The Mediterranean Diet: Wine

By now we all should know that the Mediterranean diet is a healthy diet. All sorts of positive effects are ascribed to it. The diet consists of olive oil, fresh vegetables, beans, nuts and fresh fish. Only modest amounts of meat and carbohydrates are included in the diet.
I myself think that the easier way of life, a sedentary lifestyle also contributes to a physical and mental health. Less chronic stress, means less stress hormones raging through your body. That chronic stress induces low-level inflammation in your body and your brain.

We already know that several fytochemicals in olives and olive oil (Oleocanthal and Oleuropein) can lower this low-level inflammation, leading to less damage to heart and brain[1][2].

New research found that two phytochemicals, dihydrocaffeic acid (DHCA) and malvidin-3′-O-glucoside (Mal-gluc), are effective in promoting resilience against stress by modulating brain synaptic plasticity and peripheral inflammation. DHCA/Mal-gluc also significantly reduces depression-like phenotypes in a mouse model of increased systemic inflammation induced by transplantation of hematopoietic progenitor cells from stress-susceptible mice. DHCA reduces pro-inflammatory interleukin 6 (IL-6) generations by inhibiting DNA methylation at the CpG-rich IL-6 sequences introns 1 and 3, while Mal-gluc modulates synaptic plasticity by increasing histone acetylation of the regulatory sequences of the Rac1 gene. Peripheral inflammation and synaptic maladaptation are in line with newly hypothesized clinical intervention targets for depression that are not addressed by currently available antidepressants.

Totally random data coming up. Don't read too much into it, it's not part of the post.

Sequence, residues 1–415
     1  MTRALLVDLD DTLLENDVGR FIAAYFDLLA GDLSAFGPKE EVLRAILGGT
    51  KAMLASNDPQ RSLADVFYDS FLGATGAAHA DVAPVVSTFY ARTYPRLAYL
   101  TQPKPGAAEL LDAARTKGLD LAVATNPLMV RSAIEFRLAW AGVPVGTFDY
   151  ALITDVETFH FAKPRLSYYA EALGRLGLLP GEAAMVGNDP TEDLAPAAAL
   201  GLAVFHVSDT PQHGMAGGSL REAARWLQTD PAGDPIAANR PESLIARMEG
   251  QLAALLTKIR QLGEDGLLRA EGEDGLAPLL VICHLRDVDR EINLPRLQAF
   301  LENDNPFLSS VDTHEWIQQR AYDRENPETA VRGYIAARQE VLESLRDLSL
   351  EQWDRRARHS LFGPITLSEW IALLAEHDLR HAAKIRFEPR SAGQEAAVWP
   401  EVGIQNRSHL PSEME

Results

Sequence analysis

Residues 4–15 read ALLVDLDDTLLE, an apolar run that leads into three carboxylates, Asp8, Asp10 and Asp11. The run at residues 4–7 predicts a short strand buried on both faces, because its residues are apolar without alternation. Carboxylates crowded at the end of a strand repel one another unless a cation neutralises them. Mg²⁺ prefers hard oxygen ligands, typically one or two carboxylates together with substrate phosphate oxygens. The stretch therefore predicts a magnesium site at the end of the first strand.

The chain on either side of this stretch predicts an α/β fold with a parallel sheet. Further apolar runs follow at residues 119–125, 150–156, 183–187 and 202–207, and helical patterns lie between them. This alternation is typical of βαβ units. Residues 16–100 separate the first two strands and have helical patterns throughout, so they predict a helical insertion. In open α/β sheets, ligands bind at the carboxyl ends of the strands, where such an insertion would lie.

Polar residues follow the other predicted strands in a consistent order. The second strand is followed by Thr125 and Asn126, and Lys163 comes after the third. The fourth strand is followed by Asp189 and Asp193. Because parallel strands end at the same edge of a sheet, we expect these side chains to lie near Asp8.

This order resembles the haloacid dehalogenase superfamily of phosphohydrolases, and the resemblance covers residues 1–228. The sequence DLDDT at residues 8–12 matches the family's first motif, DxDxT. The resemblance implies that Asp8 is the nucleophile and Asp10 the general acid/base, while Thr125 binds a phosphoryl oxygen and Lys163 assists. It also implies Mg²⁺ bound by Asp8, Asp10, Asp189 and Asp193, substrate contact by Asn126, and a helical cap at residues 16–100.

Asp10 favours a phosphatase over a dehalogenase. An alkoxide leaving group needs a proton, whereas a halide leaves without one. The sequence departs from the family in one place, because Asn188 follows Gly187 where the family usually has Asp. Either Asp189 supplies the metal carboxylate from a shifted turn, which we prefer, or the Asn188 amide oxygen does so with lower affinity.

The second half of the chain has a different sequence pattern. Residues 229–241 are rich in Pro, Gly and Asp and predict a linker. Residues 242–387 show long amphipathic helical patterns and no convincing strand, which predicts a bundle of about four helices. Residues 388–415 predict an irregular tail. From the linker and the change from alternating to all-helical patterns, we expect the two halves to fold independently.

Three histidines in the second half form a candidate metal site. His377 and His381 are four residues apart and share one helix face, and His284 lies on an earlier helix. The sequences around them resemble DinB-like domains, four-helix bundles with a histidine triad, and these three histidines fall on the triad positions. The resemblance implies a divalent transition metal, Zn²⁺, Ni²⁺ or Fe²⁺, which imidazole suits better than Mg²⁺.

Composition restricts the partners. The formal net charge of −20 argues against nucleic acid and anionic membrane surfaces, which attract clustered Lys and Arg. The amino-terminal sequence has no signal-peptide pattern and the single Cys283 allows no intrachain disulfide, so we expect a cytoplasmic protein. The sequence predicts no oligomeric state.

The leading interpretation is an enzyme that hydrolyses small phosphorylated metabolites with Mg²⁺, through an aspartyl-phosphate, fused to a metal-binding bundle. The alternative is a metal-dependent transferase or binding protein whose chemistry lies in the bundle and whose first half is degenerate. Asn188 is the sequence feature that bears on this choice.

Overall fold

Sounds interesting? No, the text above is simply the scientific jargon. What it says in normal language is that phytochemicals in grape juice (or wine) may reduce low-level inflammation that is the result of too much stress[3]. It also improves the transmission of signals in the brain.

While the study was done on stressed mice, 70 percent of them demonstrated improved social interactions, which suggests resilience.

Drinking wine and staying healthy was already called the 'French Paradox'. Should I advise you to drink wine or have you reached that conclusion yourself?

[1] Mete et al: Neuroprotective Effects of Oleocanthal, A Compound in Virgin Olive Oil, in A Rat Model of Traumatic Brain Injury in Turkish Neurosurgery – 2017
[2] Casamenti, Stefani: Olive polyphenols: new promising agents to combat aging-associated neurodegeneration in Expert Review in Neurotherapeutics – 2017
[3] Wang et al: Epigenetic modulation of inflammation and synaptic plasticity promotes resilience against stress in mice in Nature Communications – 2018

No comments:

Post a Comment